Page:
Fall Middle School Retreat
Submitted by Adam Cooper
Last month, a group of 26 middle schoolers and 10 leaders took a weekend trip into the Flint Hills for our Fall Retreat. We travelled about 3 hours south of Kansas City to a large ranch near Eureka, KS. Out in the country, it’s so easy to see God’s glory on display. Our free time was spent fishing, exploring the land on foot and on ATVs, roasting s’mores, swimming and laughing together – typical retreat stuff.
Retreating can be a powerful experience for middle school students. When students are given the opportunity to interrupt their routine and are provided space to reflect on their life away from their normal world, transformation is bound to take place. Our theme was titled The Greatest Story Ever Told. We spent our mornings and evenings discussing God’s Story, his abundant creation and human beings being the pinnacle of that creation. Our discussions revolved the Genesis narrative as well as the idea that we are “God’s workmanship” created in his Image as participants in his Story. (Ephesians 2)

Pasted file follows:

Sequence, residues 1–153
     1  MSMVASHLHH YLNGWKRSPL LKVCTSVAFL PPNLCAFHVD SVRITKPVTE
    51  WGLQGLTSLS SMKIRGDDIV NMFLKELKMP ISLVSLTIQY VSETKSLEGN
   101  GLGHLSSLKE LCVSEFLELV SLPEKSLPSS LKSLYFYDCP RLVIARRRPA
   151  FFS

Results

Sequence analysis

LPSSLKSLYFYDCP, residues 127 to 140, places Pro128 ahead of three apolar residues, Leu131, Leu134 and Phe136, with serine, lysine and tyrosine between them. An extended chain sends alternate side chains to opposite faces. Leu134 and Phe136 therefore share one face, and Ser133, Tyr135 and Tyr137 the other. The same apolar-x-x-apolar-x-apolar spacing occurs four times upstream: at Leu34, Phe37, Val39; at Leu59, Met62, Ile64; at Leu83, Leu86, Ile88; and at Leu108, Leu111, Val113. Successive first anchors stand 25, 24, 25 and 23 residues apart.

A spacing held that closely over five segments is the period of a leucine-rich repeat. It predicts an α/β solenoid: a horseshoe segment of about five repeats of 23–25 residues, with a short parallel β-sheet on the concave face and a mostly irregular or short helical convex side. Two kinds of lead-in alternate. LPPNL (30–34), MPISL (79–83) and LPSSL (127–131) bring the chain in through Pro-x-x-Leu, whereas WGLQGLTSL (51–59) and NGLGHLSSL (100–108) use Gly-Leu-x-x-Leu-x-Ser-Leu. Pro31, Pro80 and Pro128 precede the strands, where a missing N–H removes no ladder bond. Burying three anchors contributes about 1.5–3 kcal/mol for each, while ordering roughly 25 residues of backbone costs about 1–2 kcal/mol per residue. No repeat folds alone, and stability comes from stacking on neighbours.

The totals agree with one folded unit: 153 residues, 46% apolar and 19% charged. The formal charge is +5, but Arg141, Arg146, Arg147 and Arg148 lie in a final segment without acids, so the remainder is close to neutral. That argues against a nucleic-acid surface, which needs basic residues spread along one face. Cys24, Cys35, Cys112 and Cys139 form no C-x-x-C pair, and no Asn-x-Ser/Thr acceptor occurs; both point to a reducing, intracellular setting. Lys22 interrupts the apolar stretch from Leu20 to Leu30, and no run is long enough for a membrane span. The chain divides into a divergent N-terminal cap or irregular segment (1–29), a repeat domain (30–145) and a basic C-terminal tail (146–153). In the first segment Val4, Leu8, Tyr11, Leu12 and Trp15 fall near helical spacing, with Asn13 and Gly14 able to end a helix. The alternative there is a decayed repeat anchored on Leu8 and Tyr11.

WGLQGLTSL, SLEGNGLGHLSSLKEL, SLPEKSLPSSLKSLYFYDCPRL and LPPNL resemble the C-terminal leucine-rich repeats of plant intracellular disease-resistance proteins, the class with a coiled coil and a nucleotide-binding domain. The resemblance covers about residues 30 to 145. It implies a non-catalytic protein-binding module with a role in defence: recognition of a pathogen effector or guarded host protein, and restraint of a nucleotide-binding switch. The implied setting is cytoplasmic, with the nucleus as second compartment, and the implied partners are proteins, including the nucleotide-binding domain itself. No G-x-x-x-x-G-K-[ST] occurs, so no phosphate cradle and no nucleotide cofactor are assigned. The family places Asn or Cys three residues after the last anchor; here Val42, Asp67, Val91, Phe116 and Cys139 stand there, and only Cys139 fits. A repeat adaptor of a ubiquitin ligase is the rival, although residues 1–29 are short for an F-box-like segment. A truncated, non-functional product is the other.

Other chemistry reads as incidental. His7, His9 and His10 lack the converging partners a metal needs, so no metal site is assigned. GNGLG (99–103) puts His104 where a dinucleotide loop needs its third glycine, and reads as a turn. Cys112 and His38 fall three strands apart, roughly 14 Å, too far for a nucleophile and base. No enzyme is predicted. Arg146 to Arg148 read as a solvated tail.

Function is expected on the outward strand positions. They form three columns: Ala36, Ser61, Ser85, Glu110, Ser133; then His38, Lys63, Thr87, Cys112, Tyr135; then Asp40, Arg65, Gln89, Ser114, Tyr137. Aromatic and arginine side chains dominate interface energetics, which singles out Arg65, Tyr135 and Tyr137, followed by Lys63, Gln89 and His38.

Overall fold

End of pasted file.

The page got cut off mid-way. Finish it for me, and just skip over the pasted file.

One morning, we drove to the highest point on the property where we could see about 15 miles in every direction. We spread out across the acres and spent some 1-on-1 time with God. No script, no distractions (save for some grass picking and grasshopper catching), just some open space to take a breath, read some Scripture, and bask in the presence of our Father. It’s amazing how God’s creation speaks to us when we take the time to notice it and listen for it.
Ending a retreat is always exciting; I imagine it is how Jesus felt when he sent out the disciples with the Great Commission. Our students were given the space to encounter God and reflect on their life, now they’re all tasked with re-entering their own world – their homes, schools, clubs, sports teams, groups, friend circles, etc. – with new perspective on what it actually means to be a follower of Christ and a participant in God’s Story. (See more pictures and follow Jacob’s Well Youth on Facebook)- submitted by Adam Cooper